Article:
The painful luck of the aging hipster wannabe is his craving for cool—co-opted, pre-masticated, and served on some crazy-ass Lucite plate that’s also an art project. But as DUMBO chins out for a Baudrillardian hook, Pedro’s remains oddly, pleasantly real. Outside, it splits the difference between a frontier watering hole and a south Florida shanty. Inside, it’s low-ceilinged, decorated with inverted sombreros, haphazard photos, and a print by Colombian humanist Fernando Botero. Beers come from the fridge, just like home, but you probably don’t have 15 kinds to choose from (the usuals, plus Presidente, Sol, and Carta Blanca, among others; $3). You also don’t make chicken burritos this big and good ($6, and enough for two). Lysistrata 100 ($6), a blend of Limón, grenadine, Fanta Pineapple, and drops of hot sauce, goes down easier than you’d think, but its bearing on Aristophanes’ gender comedy’s a mystery, especially after a few of the self-proclaimed “best margaritas in town” ($6). Strong but taste-considerate, they come in regular, Purple, Passion, Sunrise, Tropical, and Sour Apple. Happy hour’s till seven daily ($1 off everything), and a jazz band plays Thursdays, but there’s party music most every night, a friendly crowd—casual enough for a game of chess, inclined to spontaneous dancing—and other proof that some things can just be what they are.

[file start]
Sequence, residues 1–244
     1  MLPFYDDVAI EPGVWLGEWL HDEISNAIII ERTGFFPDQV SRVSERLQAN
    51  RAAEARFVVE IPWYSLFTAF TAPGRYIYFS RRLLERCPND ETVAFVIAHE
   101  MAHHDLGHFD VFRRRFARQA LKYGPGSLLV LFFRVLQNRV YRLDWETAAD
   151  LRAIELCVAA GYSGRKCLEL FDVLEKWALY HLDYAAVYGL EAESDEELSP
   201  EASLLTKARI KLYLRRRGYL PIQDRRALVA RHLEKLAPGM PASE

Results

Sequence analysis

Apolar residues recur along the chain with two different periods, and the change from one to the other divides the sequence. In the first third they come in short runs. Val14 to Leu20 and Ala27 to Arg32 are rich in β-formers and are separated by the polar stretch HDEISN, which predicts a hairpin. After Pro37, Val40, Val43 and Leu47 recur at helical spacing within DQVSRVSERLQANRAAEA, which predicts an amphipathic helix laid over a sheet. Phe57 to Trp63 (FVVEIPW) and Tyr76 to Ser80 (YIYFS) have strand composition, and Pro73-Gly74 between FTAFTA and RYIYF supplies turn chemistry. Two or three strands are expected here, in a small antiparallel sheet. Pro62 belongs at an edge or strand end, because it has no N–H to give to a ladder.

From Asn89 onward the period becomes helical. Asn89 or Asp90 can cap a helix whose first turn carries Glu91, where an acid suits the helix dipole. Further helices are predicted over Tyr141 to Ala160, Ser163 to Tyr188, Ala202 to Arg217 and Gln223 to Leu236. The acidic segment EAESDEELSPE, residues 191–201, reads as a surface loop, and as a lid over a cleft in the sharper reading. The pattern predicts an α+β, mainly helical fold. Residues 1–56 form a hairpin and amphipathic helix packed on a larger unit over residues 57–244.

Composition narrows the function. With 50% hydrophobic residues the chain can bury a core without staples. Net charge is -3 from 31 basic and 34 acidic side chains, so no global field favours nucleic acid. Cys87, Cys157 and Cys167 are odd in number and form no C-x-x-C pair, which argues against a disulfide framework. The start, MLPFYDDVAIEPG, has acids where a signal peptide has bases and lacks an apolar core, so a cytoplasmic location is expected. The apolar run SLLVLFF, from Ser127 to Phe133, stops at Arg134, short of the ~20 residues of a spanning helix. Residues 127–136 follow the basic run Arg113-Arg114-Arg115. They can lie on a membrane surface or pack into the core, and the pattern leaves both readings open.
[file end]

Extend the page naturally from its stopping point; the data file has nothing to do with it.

This article from the Village Voice Archive was posted on April 20, 2004